Day 3450: Two wrongs don’t make a right

“Two wrongs don’t make a right” was one of my late mother’s favorite sayings. Another favorite saying of my mother’s was “there’s a place for everything and everything in its place” so I think this is the place for today’s Daily Bitch Calendar.

It sure as hell would make me feel better right now to share a photo of my mother. It’s right that I coincidentally captured an image of my mother with my son Aaron yesterday when I took a picture of our cat, Joan (on the right).

Two humans — my husband Michael and I — were wrong in worrying that our old and fretful shelter cat Harley would never accept shelter cat Joan. Those two together definitely make a right.

There’s a place for everything and this is the place I’ll share a story about my mother and me and “two wrongs don’t make a right.” I was born with a heart that was wrong, which resulted in many hospitalizations and my needing pacemakers from a very young age. We didn’t know what kind of heart condition I had until my very right and still current cardiologist, Dr. Deeb Salem, figured out in the 1980’s that I had the very rare heart condition of congenitally corrected transposition of the great arteries (CCTGA). When Dr. Salem rightly described how my heart was very wrong in two different ways — (1) the aorta and the pulmonary arteries are switched and (2) the ventricles are also switched — and

  1. that means all the blood ends up in the right place and
  2. having just one of those wrongs would have killed me when I was born in 1953 because of what kinds of heart surgeries were available then,

I turned to my mother and said “You know how you always say ‘two wrongs don’t make a right?’ I guess not!”

There’s a place for everything and this is the place for me to say that I miss my mother and my father every day.

It’s right that many of my images for today have twos in them.

It seems wrong to me that onion rings and kissing — both very right in their own way — are celebrated on the same day.

Here’s what I find on YouTube when I search for “two wrongs don’t make a right.”

I also find this very right rendition of “Two Wrongs” by Wyclef Jean with Claudette Ortiz:

It’s right for me to end each post with thanks to all who help me blog every day, including YOU!

Categories: heart condition, personal growth, photojournalism | Tags: , , , , , , , , , | 11 Comments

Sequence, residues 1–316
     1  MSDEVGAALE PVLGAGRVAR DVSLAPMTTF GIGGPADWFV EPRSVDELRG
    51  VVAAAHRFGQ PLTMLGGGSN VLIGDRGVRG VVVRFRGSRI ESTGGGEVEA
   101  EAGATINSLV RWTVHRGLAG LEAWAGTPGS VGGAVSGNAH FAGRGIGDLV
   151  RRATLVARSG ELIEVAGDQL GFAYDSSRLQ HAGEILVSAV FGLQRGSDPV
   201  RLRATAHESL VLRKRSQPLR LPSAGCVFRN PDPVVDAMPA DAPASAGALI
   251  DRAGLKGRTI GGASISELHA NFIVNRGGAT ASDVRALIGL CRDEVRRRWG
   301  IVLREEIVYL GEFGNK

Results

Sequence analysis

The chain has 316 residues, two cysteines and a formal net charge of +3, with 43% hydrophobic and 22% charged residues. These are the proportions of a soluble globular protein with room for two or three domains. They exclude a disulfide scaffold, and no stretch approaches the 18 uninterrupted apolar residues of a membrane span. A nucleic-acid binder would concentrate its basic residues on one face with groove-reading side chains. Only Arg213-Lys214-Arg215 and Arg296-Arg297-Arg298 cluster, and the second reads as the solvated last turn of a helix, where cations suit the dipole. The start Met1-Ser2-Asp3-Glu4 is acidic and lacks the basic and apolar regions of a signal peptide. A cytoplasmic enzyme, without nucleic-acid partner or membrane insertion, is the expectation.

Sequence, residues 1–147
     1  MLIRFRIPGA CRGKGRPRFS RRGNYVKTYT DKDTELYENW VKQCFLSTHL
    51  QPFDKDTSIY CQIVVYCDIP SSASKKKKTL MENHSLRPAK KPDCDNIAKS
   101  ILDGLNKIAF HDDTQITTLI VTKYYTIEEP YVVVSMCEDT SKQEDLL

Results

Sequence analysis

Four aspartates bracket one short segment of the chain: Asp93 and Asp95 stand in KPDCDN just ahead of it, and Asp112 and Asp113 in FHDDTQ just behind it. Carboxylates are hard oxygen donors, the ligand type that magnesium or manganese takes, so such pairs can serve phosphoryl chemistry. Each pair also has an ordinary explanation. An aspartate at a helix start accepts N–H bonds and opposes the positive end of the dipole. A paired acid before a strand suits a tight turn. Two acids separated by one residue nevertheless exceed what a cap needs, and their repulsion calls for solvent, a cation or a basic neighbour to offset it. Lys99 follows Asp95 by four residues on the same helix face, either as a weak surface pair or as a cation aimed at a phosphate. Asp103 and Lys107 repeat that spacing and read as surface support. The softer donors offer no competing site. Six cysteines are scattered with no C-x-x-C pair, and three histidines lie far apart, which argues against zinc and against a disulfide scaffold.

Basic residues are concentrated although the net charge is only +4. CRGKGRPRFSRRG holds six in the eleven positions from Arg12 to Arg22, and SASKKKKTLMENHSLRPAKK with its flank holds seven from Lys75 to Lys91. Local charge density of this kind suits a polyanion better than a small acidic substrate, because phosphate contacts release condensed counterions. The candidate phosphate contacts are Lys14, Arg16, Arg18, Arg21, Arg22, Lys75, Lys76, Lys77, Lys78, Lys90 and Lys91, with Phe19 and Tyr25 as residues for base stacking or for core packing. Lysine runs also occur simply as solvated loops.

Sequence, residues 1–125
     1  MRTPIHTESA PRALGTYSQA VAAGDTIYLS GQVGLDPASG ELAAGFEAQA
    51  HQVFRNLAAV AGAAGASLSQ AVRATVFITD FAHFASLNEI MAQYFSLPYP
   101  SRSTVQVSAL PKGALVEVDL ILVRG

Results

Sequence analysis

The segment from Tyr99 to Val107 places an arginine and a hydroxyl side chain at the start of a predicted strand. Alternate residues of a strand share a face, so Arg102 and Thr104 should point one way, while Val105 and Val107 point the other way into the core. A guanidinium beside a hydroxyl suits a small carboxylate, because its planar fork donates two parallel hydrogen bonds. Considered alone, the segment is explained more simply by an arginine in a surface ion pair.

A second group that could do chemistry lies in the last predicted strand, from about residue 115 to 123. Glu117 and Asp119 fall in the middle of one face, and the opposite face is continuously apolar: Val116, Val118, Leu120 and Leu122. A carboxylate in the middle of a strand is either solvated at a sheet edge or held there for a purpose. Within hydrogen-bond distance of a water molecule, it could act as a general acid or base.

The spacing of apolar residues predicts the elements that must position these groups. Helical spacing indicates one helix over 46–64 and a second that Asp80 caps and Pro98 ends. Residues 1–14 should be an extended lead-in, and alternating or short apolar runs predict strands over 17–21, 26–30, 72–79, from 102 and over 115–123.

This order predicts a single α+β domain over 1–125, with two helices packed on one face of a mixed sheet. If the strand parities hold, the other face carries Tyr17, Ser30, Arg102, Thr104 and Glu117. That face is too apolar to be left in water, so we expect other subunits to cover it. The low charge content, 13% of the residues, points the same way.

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11 thoughts on “Day 3450: Two wrongs don’t make a right

  1. I think it’s right for you to be celebrating the way you are today, Ann, your wonderful heart making way for Joan to lift Harley’s life to an even more special level.

  2. I’m so glad Harley and Joan get along because I thought Harley might need another cat after the passing of Oscar and I wanted Joan to have a good home. Also as an old friend of mine used to say, Two wrongs don’t make a right but three rights make a left.

  3. I love that Joan has won Harley over and now both their lives are enhanced.

    That plate of food looks delicious. The box of pasta in the photo after it with the two lemons doesn’t look like the pasta that was in your meal with the salmon on top and I am wondering why you shared that photo with us? Did you make a delicious lemon ziti salad?

    • I love that you love that, Maureen.

      You’re right, as usual, that the still life with lemons is not connected to the delicious dish Michael made. I noticed the lemons and the pasta on the kitchen counter when I was creating this post and snapped it as another example of two’s, assuming that photo would be neither wrong nor a lemon.

      • I didn’t even notice that you were taking photos of twos! I thought they are all just fascinating photos that we would enjoy, especially of cats and food and birds and water. Now I feel a little bit dense! That’s okay, I enjoyed them and now I get to enjoy them for a second time as I scroll through them noticing the twos.

      • You notice so much, Maureen, that “dense” seems like a particularly inappropriate label. Thanks for your two comments!

  4. two rights make a happy heart and two cats make a happy home

  5. So judging from the comment you made to your mom when it was discovered you had two heart anomalies, you obviously had your quick sense of humor (and wry appreciation of the absurd) at a young age! You’ve honed it over time to be quite the skill. I’ve noticed the picture of your mom and Aaron many times before and it always produces a smile. I loved your sharing today, Ann.

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